Mr. Horowitz clutches a bag of dried apricots to his chest. Although the sun is shining, there will probably be a storm. Electricity will be lost. Possibly forever. When this happens the very nervous family will be the last to starve. Because of the apricots. “Unless," says Mrs. Horowitz, “the authorities confiscate the apricots.” Mr. Horowitz clutches the bag of dried apricots tighter. He should’ve bought two bags. One for the authorities and one for his very nervous family. Mrs. Horowitz would dead bolt the front door to keep the authorities out, but it is already bolted. Already dead. She doesn’t like that phrase. Dead bolt. It reminds her of getting shot before you even have a chance to run. “Everyone should have at least a chance to run," says Mrs. Horowitz. “Don’t you agree, Mr. Horowitz?” Mrs. Horowitz always refers to her husband as Mr. Horowitz should they ever one day become strangers to each other. Mr. Horowitz agrees. When the authorities come they should give the Horowitzs a chance to run before they shoot them for the apricots. Eli Horowitz, their very nervous son, rushes in with his knitting. “Do not rush," says Mr. Horowitz, “you will fall and you will die.” Eli wanted ice skates for his birthday. “We are not a family who ice skates!” shouts Mrs. Horowitz. She is not angry. She is a mother who simply does not wish to outlive her only son. Mrs. Horowitz gathers her very nervous son up in her arms, and gently explains that families who ice skate become the ice they slip on. The cracks they fall through. The frost that bites them. “We have survived this long to become our own demise?” asks Mrs. Horowitz. “No," whispers Eli, “we have not.” Mr. Horowitz removes one dried apricot from the bag and nervously begins to pet it when Mrs. Horowitz suddenly gasps. She thinks she may have forgotten to buy milk. Without milk they will choke on the apricots. Eli rushes to the freezer with his knitting. There is milk. The whole freezer is stuffed with milk. Eli removes a frozen half pint and glides it across the kitchen table. It is like the milk is skating. He wishes he were milk. Brave milk. He throws the half pint on the floor and stomps on it. Now the milk is crushed. Now the milk is dead. Now the Horowitzs are that much closer to choking. Mr. and Mrs. Horowitz are dumbfounded. Their very nervous son might be a maniac. He is eight. God is punishing them for being survivors. God has given them a maniac for a son. All they ask is that they not starve, and now their only son is killing milk. Who will marry their maniac? No one. Who will mother their grandchildren? There will be no grandchildren. All they ask is that there is something left of them when they are shot for the apricots, but now their only son is a maniac who will give them no grandchildren. Mr. Horowitz considers leaving Eli behind when he and Mrs. Horowitz run for their lives.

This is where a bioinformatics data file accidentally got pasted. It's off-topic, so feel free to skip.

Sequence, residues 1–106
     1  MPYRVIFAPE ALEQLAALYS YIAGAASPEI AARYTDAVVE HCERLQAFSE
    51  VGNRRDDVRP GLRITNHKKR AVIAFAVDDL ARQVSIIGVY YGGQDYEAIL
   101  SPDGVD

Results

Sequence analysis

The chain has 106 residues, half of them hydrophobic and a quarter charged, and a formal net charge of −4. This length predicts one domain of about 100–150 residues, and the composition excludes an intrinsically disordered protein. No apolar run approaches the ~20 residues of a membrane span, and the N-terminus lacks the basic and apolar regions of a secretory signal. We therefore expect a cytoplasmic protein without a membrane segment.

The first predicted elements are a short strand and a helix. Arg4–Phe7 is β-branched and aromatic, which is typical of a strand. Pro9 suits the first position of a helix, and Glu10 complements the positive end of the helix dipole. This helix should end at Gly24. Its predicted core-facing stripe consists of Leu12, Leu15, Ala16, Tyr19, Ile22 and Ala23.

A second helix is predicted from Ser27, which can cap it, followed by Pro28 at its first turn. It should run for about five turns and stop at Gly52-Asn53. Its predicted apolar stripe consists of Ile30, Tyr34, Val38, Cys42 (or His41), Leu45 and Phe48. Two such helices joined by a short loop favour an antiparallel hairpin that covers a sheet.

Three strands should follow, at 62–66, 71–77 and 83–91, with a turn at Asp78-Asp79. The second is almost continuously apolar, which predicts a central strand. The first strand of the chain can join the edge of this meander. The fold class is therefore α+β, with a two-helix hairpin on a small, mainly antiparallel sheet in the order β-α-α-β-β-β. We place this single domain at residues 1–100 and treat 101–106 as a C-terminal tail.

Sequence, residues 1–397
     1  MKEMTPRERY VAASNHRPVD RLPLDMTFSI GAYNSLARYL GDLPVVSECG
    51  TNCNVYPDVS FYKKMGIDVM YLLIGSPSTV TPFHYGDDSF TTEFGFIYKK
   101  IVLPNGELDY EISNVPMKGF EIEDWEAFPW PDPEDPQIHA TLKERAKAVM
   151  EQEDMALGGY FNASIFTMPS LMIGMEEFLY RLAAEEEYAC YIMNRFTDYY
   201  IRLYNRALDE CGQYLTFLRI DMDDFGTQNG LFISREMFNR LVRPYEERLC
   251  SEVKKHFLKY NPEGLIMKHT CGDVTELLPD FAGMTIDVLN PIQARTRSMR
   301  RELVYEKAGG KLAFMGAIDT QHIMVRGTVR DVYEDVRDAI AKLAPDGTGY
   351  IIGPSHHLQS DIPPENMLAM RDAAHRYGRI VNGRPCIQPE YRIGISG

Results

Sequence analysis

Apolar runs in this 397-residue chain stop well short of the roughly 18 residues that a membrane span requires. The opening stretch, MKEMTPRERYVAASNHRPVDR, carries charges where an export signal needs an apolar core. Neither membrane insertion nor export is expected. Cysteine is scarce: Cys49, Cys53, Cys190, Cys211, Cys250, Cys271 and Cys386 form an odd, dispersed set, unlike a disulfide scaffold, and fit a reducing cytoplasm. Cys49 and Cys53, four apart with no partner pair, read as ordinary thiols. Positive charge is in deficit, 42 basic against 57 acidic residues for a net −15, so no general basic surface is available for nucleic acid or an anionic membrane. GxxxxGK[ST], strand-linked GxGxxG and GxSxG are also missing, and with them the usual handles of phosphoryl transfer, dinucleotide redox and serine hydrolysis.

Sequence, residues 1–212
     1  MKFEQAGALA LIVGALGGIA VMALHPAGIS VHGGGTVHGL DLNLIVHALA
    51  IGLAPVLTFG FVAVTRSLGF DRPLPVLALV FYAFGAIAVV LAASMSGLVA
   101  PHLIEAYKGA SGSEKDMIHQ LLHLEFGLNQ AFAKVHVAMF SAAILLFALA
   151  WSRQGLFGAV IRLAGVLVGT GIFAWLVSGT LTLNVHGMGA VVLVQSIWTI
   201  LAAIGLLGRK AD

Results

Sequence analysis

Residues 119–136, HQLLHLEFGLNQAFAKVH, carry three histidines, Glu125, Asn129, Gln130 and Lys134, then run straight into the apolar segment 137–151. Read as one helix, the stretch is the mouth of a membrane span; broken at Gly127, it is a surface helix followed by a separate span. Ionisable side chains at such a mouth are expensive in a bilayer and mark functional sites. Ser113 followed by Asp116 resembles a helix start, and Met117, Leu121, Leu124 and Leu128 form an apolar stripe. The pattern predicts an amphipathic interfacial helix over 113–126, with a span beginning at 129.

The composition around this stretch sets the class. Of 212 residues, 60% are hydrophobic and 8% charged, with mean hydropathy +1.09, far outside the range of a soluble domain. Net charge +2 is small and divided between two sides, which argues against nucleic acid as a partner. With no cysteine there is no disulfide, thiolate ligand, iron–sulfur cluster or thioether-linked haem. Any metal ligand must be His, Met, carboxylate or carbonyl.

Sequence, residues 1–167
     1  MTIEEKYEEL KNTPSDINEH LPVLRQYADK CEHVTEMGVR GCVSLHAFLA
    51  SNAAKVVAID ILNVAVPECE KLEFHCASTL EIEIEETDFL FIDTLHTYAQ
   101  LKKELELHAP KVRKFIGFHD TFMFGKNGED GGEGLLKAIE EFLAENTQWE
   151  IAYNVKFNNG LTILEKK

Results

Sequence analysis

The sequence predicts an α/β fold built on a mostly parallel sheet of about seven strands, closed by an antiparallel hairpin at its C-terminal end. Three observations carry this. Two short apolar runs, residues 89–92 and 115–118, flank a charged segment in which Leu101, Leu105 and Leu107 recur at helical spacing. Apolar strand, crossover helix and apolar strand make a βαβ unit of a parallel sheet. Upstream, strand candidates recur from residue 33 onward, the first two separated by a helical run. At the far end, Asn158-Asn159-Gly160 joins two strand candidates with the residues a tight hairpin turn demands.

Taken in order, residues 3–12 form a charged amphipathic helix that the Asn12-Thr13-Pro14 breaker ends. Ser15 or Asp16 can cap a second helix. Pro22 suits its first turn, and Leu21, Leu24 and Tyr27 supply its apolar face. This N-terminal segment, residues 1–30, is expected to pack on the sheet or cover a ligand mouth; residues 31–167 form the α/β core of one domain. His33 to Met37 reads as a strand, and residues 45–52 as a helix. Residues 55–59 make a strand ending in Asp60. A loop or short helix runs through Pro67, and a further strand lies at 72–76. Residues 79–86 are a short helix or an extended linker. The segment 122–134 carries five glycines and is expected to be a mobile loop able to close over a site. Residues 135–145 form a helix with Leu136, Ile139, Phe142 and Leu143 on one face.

Friday Five: Five Poems I Read Wednesday Night (Poem 1)

I was reading an article and it linked to a poem and I went to read the poem and then I read a bunch more. Probably about 20. Here's five I liked. It's one per post; I'll put them up throughout the day or weekend or whatever.

Poem 1:

"Childhood is the Kingdom Where Nobody Dies"

Edna St. Vincent Millay (1937)



Childhood is not from birth to a certain age and at a certain age
The child is grown, and puts away childish things.
Childhood is the kingdom where nobody dies.



Nobody that matters, that is. Distant relatives of course
Die, whom one never has seen or has seen for an hour,